But though originally the constitution and order of God's creation was indeed such, that virtue and vice are by the regular tendency of things followed with natural rewards and punishments; yet in event, through fome great and general corruption and depravation (whencefoever that may have arifen, of which more hereafter), the condition of men in the present state is plainly such, that this natural order of things in the world is manifestly perverted; virtue and goodness are visibly prevented in great meature from obtaining their proper and due effect, in establishing men's happiness proportionable to their behaviour and practice ; and wickedness and vice very frequently escape the punishment which the general nature and disposition of things tends to annex unto it. Wicked men, by stupidity, inconsiderateness, and sensual pleasure, often make shift to filence the reproaches of conscience, and feel very litle of that confufion and remorse of mind, which ought naturally to be confequent upon their vitious practices. By accidental strength and robustness of conftitution, they frequently escape the natural ill consequences of intemperance and debauchery; and enjoy the same proportion of health and vigour, as those who live up to the rules of strict and unblameable fobriety. And injustice and iniquitv, fraud, violence, and cruelty, though they are always attended indeed with sufficiently calamitous consequences in the general; yet the most of those ill


consequences fall not always upon such persons in particular as have the greatest share in the guilt of the crimes, but very commonly on those that have the least. On the contrary ; virtue and piety, temperance and fobriety, faithfulness, honesty, and charity; though they have indeed both in themselves the true springs of happiness, and also the greatest probabilities of outward causes to concur in promoting their temporal prosperity ; though they cannot indeed be prevented from affording a man the highest peace aud fatisfa&tion of spirit, and many other advantages both of body and mind in respect of his own particular person ; yet in respect of those advantages which the mutual practice of social virtues ought to produce in common, it is in experience found true, that the vices of a great part of mankind do so far prevail against nature and reason, as frequently to oppress the virtue of the beft; and not only hinder them from enjoying those public benefits, which would naturally and regularly be the consequences of their virtue, but oft-times bring upon them the greatest temporal calamities, even for the fake of that very virtue. For it is but too well known, that good men are very often afflicted and impoverished, and made a prey to the covetousness and ambition of the wicked; and sometimes most cruelly and maliciously perfecuted, even upon account of their goodness itself. In all which affairs, the providence of God seems not very evidently to interpose for the protection of the righteous. And not only fo; but even in judgements also, which seem more immediately to be inflicted by the hand of heaven, it frequentiy suffers the righteous to be involved in the same calamities with the wicked, as they are mixed together in butiness and the affairs of the world. 3. THAT THEREFORE THERE MUST NEEDS BE A FUTURE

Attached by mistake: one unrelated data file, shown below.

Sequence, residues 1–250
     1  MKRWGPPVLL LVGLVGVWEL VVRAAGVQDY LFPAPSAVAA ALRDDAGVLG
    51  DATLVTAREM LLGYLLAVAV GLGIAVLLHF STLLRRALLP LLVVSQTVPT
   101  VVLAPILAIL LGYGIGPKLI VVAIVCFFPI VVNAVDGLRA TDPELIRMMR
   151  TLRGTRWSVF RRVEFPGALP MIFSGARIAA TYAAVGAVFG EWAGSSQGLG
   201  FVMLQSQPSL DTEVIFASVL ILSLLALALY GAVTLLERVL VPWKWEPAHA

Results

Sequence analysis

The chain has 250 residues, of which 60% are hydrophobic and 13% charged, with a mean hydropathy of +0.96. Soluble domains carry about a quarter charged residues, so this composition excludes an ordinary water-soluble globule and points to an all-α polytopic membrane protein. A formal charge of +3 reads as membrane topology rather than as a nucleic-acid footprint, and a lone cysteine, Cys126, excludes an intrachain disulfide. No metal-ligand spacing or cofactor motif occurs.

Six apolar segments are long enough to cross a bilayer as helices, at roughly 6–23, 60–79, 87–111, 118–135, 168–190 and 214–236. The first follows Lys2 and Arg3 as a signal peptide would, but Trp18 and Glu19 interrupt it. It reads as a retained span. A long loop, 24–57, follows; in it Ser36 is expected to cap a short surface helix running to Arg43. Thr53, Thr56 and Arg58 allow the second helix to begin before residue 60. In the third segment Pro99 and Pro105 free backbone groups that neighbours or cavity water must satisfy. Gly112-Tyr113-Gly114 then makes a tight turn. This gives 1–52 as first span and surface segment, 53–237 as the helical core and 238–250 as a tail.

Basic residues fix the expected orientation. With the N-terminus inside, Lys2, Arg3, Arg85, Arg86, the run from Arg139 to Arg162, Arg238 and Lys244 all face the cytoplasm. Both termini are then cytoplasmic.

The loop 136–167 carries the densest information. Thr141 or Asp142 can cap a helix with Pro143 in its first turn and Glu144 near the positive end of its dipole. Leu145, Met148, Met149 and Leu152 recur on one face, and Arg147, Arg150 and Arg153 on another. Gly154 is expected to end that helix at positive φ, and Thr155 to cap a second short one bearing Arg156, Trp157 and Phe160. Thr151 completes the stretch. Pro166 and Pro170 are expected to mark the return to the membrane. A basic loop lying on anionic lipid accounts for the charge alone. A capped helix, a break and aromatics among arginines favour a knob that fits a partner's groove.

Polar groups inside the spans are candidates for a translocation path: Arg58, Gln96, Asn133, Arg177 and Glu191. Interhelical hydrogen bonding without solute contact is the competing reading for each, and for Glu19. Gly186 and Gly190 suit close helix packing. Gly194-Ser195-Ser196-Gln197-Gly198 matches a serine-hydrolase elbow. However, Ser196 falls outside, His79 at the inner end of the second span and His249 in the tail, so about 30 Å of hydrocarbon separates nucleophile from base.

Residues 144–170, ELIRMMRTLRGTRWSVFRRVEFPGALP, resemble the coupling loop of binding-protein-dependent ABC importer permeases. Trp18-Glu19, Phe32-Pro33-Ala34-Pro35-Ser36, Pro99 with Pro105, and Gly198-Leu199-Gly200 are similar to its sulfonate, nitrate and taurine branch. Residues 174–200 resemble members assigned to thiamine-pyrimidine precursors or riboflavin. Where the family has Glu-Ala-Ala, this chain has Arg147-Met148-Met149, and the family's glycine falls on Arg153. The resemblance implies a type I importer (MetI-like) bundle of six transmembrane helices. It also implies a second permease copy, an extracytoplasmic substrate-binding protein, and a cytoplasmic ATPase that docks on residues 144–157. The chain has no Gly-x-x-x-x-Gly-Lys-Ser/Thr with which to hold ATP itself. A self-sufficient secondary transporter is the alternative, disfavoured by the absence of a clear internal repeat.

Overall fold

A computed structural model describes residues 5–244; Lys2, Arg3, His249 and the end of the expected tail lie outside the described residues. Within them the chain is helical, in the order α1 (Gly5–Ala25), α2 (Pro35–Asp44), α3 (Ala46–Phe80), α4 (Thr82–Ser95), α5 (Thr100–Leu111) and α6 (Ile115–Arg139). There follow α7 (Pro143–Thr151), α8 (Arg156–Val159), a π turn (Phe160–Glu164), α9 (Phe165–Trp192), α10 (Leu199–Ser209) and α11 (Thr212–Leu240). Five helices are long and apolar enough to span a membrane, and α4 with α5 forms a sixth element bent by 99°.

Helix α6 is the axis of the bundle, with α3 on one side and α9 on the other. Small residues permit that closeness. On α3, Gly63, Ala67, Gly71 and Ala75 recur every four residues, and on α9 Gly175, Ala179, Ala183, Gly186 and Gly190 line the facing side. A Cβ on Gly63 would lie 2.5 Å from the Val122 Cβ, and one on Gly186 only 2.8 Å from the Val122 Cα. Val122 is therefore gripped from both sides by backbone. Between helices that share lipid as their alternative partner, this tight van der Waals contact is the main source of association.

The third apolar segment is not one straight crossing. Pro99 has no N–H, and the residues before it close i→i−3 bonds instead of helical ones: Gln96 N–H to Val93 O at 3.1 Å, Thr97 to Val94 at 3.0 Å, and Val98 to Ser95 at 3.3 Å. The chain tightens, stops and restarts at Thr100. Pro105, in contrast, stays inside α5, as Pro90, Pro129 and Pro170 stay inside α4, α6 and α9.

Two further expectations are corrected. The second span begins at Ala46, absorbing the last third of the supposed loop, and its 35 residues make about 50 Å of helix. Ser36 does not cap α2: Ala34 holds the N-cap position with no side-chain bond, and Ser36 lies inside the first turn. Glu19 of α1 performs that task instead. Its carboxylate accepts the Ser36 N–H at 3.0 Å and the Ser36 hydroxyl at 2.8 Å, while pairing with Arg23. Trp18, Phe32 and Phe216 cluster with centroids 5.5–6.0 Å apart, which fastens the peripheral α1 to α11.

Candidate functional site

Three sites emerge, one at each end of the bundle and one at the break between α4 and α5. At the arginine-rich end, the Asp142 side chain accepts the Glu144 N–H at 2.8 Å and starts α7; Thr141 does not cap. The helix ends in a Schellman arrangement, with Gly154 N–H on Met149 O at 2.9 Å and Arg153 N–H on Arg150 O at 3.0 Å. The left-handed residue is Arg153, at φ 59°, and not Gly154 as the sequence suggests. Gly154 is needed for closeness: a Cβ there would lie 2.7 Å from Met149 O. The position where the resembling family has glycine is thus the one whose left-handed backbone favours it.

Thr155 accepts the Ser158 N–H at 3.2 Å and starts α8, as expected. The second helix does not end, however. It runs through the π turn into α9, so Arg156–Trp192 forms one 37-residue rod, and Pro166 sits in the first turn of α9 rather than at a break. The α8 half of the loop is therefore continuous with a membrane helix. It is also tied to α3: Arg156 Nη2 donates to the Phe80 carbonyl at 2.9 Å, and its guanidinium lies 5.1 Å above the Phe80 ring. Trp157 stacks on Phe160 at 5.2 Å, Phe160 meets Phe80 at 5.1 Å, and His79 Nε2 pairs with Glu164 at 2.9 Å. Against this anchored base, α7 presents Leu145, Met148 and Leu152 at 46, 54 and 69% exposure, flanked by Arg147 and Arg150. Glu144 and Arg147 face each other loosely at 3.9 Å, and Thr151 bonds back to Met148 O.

STATE OF REWARDS AND PUNISHMENTS. Which things being so (viz. that there is plainly in event no fufficient distinction made between virtue and vice; no proportionable and certain reward annexed to the one, nor punishment to the other, in this present world); and yet it being no less undeniably certain in the general, as has been before shown, that if there be a God (and that God be himself a being of infinite justice and goodness; and it be his will, that all rational creatures Thould imitate his moral perfections; and he * cannot but see and take notice how every creature behaves itself; and cannot but be accordingly pleased with such as obey his will and imitate his nature, and be dilpleased with such as aćt contrary thereto); it being certain, I say, that, if these things be fo, God muft needs, in vindication of the honour of his laws and governinent, fignify at some time or other